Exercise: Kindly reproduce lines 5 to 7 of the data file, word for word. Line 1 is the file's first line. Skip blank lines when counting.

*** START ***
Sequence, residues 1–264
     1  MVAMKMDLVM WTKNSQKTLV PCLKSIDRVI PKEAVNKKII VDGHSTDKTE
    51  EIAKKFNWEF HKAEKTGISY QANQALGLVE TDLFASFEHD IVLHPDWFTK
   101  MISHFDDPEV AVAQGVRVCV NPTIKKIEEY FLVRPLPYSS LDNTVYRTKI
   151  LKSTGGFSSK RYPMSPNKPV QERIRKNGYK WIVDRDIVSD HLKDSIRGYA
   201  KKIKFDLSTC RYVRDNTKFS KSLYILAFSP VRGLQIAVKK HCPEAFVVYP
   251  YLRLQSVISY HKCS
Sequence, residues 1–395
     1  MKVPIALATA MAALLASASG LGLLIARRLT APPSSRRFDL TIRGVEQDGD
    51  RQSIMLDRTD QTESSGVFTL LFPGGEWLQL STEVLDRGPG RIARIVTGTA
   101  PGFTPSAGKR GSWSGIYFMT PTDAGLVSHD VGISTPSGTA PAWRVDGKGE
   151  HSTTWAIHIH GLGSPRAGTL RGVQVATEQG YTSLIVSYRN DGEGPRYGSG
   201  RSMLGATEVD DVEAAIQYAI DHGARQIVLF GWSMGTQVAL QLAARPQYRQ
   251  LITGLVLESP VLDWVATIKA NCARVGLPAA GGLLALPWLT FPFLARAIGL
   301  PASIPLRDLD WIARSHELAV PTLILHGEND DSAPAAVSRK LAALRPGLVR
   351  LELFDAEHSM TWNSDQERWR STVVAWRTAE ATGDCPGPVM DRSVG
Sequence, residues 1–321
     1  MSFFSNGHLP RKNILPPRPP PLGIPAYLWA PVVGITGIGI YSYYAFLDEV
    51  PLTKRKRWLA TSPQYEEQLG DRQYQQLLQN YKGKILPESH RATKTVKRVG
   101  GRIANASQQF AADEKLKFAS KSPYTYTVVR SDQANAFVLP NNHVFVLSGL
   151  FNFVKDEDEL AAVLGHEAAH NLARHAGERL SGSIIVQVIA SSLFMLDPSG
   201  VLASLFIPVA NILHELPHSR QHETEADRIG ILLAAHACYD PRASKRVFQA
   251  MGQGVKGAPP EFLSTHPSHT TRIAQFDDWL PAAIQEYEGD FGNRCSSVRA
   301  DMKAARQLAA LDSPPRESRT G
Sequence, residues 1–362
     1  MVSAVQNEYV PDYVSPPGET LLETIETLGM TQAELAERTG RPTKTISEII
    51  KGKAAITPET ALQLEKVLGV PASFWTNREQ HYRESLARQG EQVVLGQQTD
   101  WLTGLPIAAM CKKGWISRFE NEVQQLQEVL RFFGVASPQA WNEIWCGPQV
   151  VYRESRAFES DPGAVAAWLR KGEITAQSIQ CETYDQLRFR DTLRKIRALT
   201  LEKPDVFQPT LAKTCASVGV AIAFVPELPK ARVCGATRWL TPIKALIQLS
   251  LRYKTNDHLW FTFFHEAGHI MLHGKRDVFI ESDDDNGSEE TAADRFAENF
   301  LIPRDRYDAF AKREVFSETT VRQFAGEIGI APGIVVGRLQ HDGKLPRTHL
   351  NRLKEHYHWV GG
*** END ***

   151  LKSTGGFSSK RYPMSPNKPV QERIRKNGYK WIVDRDIVSD HLKDSIRGYA
   201  KKIKFDLSTC RYVRDNTKFS KSLYILAFSP VRGLQIAVKK HCPEAFVVYP
   251  YLRLQSVISY HKCS